In a previous article, I went through the steps and decisions I made as I designed my new desktop system.
I’m now using it, and it’s great! I’m very pleased.
Today, I’ll introduce you to the manufacturer and walk you through my initial setup.
Become a Patron of Ask Leo! and go ad-free!
I asked if I could take a few pictures for you (click any for a larger image).
While it may seem small — and they are smaller than the HPs and Dells of the world — they push out a large number of high-quality machines every year.
It was interesting to see my system’s birthplace.
My system configuration is public — you can click here and see it for yourself on the Puget Systems site. Throughout the order and assembly process, my customer portal on their website was kept up to date with a stream of status updates and information about the build, culminating in photos of the machine and the “It’s ready, come get it!” update.
The final accumulation of information includes thermal images of the machine running with and without load, screenshots of all BIOS settings, and a set of as-built benchmarks showing the machine’s capabilities.
The interior of the final product:
My first steps
So, I brought it home, attached everything that needed attaching, turned it on and …
It was time for me to go to work.
What follows is a short summary of the steps I took, the software I installed, and a few of the tweaks I made in the first couple of days of using the machine.
- Logged in with my Microsoft account and activated Windows 10 Pro.
- My first install? Macrium Reflect, so I could take an image backup of the as-delivered machine.
- Installed the new Chromium-based Edge and set that as my default browser.
- Installed LastPass, since Edge was not yet automatically synchronizing extensions.
- Installed Evernote, so as to take the notes that became this list.
- Installed Dropbox, which in turn downloaded many of the scripts and portable programs I use on all my machines, as well as many, many other files.
- Windows Security was complaining that it wasn’t set, so I turned on Tamper Protection.
- While I was tweaking things, I turned on “Always show all icons in the notification area.”
- Turned off the Cortana icon (I don’t use Cortana).
- Renamed the machine and joined it to my network Workgroup so I could connect to and from other local machines.
- Installed Creative Cloud, mostly for Photoshop.
- Installed Microsoft Office, initially so I could fire up Excel to access the spreadsheet in which I keep license keys.
- Installed BoxCryptor, so I could actually access that securely encrypted spreadsheet in Dropbox.
- Installed World of Warcraft, because I needed a break. (And Twitch, so as to get the latest mods.)
After my break, I continued by installing:
- Snagit, a screen capture utility.
- Camtasia, a screen recorder and video editor.
- gvim, the text editor I use on almost every platform.
- Chrome Remote Desktop, so I can access this machine from others and vice versa.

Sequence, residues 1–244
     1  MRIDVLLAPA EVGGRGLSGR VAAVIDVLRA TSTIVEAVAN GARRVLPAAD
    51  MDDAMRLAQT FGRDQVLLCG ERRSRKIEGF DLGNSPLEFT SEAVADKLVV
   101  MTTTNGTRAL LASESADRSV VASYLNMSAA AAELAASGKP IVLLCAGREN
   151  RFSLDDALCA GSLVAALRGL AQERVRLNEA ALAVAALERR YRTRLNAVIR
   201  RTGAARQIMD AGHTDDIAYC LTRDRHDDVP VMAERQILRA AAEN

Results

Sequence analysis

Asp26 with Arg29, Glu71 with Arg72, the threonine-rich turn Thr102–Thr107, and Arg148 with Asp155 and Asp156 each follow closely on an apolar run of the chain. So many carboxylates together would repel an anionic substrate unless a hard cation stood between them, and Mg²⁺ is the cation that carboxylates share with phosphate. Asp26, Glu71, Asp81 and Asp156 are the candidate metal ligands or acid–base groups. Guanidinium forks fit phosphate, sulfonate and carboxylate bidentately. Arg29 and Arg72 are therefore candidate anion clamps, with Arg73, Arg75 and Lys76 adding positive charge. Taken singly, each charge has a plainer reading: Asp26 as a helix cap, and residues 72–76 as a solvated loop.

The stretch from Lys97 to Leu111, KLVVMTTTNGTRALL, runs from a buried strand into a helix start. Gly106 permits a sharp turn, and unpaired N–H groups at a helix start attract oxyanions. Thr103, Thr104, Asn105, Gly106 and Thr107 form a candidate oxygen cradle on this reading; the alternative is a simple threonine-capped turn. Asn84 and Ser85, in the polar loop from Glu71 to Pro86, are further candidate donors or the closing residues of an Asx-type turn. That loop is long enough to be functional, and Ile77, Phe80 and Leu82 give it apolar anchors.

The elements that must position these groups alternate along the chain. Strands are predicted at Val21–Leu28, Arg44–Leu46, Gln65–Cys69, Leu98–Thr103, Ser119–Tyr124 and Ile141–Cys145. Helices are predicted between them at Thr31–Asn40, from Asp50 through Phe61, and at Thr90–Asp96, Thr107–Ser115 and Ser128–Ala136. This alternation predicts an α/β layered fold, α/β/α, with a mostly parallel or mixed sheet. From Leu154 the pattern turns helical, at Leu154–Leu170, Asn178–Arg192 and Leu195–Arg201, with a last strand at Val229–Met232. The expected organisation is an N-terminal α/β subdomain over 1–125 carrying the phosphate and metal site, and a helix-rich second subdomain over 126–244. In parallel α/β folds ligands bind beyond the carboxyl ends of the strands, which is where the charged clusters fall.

- xplorer2, a Windows File Explorer replacement I find useful.
- Windows subsystem for Linux, so I could install…
- Debian, a Linux command line interface that includes a multitude of tools I like.
- Windows Terminal, a wrapper allowing multiple different command line shells, including PowerShell, Windows Command Prompt, Debian and others in a single tabbed interface.
- Python, a scripting language I use for an assortment of tasks.
- imagemagic, a set of command line image-processing tools.
- Audacity, an open-source audio editor.
- VLC, my media player of choice.
- Autohotkey, a keyboard macro utility and much more.
- Virtualbox, which allows me to run virtual machines of other operating systems (like Windows 7 or Windows 10 Home, for example) in separate windows without needing to reboot.
- This actually required a BIOS setting change to enable virtual machine support for 64 bit programs. I was happy to find the BIOS extremely easy to enter and modify.
- Svn, the source code control software I use to manage an assortment of things. (For those familiar, it’s a predecessor to git.)
- AWS command line, for accessing Amazon Web Services, which I use for some websites and file storage.
Finally, some housekeeping:
- I set up my nightly scripts — batch files that run each night that take care of some housekeeping for me (mostly additional backups).
- I set up nightly backups with Macrium reflect.
Whew! And that’s not really everything, since I’m sure I missed the occasional configuration tweak here or there.
Why should you care?
This entire exercise is kind of a “behind the scenes” peek at what my life is like. As I’ve said before, your needs are almost certainly different than my own. (For a more pragmatic — and shorter — list of what to do first, The First Eight Things to Do with Your New Computer is a great place to start.)
So, in part, this is entertainment — a look behind the curtains, as it were.
But it’s also an example I hope you can at least follow in spirit of some very important themes when getting a new machine:
- To the best of your ability, know what you do with your machine.
- Find and work with a manufacturer or store you trust, that is willing to work with you.
- Realize that your technology is an investment, and quality is worth additional cost.
- Back up first.
- Then back up automatically.
- Enjoy your new
PS: Puget Systems, as best I can tell, has no affiliate program. I get no money from them for talking nicely about their product. They just do good work.